Unfortunately, the student in the Pennsylvania case is not alone in his struggles with migraines. According to the Michigan Headache & Neurological Institute, approximately 2 to 5% of children below the age of 12 experience migraines, a number which increases to 10% by late adolescence. This adds up to a lot of missed school days. A 1989 National Health Interview Survey reported that headaches were the third highest cause of school absence. About 10% of students with migraines miss two school days per month, and 1% of these students will miss 2 days per week. One pediatric specialty group reported that their patients missed 6.3 days per month, or about 57 days over the course of the school year. Clearly, migraines can have a significant impact on a child’s education, and schools will need to determine, with input from the medical team and the family, what sort of support at school is needed to address the lost instructional time.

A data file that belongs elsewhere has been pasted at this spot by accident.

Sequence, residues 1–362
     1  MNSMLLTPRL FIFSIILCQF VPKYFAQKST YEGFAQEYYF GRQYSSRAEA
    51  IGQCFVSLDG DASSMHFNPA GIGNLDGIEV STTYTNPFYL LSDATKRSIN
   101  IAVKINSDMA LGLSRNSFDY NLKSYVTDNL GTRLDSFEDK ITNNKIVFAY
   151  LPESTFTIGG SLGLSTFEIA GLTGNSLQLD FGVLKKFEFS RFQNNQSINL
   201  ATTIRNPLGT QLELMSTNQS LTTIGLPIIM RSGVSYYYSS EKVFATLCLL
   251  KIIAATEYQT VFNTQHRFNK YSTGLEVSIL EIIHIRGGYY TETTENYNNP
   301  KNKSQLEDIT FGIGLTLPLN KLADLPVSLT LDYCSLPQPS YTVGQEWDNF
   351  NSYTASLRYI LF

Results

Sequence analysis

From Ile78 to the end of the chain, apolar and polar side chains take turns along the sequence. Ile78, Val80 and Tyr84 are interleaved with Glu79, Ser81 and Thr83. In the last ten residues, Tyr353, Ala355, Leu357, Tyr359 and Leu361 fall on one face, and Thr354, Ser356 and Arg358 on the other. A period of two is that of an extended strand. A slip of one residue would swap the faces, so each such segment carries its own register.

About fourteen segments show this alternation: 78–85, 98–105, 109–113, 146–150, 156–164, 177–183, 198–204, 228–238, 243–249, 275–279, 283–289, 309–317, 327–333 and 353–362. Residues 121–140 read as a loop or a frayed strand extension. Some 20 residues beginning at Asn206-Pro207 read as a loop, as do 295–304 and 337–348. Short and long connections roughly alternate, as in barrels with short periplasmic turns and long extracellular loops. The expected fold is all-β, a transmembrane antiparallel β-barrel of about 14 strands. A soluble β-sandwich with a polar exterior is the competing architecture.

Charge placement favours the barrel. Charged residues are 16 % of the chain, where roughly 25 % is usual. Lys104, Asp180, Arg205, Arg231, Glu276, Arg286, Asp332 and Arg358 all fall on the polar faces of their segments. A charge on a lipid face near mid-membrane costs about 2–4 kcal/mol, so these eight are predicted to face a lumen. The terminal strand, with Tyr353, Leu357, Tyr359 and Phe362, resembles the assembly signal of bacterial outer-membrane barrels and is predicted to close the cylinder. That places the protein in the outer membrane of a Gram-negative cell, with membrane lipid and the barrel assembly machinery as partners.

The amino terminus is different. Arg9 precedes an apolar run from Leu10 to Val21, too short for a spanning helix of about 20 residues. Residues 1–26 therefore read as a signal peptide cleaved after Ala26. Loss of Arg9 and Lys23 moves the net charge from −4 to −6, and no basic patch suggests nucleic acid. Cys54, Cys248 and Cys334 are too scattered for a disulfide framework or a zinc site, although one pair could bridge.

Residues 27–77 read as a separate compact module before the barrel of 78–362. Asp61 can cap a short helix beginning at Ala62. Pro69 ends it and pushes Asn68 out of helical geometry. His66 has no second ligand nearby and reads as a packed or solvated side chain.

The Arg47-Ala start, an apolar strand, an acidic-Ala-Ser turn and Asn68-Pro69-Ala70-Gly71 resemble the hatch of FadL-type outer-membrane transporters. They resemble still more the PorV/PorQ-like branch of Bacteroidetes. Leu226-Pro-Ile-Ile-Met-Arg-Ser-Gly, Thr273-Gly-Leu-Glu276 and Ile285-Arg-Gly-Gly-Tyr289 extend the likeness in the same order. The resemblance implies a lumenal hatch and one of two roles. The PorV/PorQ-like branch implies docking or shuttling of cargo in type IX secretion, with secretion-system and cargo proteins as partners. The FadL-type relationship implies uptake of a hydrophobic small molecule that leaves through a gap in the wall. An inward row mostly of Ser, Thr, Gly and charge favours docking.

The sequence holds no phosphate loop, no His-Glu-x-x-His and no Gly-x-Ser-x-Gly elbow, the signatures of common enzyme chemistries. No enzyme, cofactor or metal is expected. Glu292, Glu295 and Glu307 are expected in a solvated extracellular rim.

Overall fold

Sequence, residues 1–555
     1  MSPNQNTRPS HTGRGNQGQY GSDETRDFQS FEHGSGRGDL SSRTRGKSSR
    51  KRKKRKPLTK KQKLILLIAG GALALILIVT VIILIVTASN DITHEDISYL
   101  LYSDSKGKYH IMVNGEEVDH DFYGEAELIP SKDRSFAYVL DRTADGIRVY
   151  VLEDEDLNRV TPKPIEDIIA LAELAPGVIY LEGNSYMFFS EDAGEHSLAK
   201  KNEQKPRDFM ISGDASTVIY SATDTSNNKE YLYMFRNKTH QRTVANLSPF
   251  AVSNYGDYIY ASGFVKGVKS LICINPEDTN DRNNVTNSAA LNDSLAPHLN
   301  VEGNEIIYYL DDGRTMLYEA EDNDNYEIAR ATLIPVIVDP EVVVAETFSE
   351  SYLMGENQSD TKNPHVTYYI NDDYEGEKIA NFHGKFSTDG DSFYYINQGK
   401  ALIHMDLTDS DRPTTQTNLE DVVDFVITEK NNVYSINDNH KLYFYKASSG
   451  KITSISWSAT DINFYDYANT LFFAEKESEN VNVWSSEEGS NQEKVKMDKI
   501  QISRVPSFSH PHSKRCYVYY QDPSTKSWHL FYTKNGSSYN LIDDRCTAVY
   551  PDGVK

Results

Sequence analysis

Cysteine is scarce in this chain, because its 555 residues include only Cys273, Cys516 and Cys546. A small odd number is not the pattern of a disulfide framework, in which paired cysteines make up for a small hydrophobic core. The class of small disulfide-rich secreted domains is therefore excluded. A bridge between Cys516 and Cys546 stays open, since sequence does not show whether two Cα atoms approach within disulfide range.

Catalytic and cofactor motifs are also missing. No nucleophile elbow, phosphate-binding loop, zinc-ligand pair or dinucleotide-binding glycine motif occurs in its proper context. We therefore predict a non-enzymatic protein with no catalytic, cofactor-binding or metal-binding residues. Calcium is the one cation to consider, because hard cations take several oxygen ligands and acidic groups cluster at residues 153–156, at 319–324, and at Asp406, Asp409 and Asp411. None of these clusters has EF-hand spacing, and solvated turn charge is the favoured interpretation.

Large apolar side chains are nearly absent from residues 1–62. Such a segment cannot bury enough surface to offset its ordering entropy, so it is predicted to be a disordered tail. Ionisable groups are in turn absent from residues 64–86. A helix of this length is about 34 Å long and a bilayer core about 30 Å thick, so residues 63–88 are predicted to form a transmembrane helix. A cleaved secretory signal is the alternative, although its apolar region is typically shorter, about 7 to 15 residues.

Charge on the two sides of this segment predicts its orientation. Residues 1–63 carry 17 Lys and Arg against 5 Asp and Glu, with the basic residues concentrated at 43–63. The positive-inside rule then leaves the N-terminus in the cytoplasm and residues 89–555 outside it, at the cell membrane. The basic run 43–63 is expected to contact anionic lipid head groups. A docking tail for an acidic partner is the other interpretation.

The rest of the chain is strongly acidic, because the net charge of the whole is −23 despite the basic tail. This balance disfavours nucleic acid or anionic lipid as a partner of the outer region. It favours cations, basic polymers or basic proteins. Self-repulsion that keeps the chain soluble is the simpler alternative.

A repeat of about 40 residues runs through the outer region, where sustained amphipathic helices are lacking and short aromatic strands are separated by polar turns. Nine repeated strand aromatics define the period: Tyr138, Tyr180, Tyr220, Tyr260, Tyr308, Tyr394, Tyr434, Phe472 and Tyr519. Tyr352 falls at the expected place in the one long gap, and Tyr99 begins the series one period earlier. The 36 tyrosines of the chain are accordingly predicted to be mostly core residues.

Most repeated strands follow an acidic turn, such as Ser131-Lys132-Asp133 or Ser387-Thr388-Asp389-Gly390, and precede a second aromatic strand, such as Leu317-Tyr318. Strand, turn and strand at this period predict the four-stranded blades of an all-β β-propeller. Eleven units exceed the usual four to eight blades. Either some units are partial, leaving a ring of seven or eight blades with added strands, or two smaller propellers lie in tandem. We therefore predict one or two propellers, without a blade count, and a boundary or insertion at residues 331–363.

Whether a child is in need of an IEP instead of a 504 Plan can be a source of conflict between school and family. Some schools will qualify a student for an IEP under the eligibility of Other Health Impaired; others will not. If a child is determined to not have a disability that affects his or her progress in the general education curriculum, a 504 Plan should be offered. Accommodations, whether addressed in either an IEP or a 504 Plan, should include how the student will be helped to make up missed work or instruction and how future absences will be addressed. Migraine.com, a website which addresses issues related to migraine headaches, offers the following items to be considered as accommodations for the student who has migraines: no penalty for absences related to migraine symptoms;
- flexible due dates and no grade penalty for late work,
- access to a quiet space in the event of an attack during the day,
- alternate testing,
- late start times or attending only a certain number of classes per day,
- or under extreme circumstances, homebound services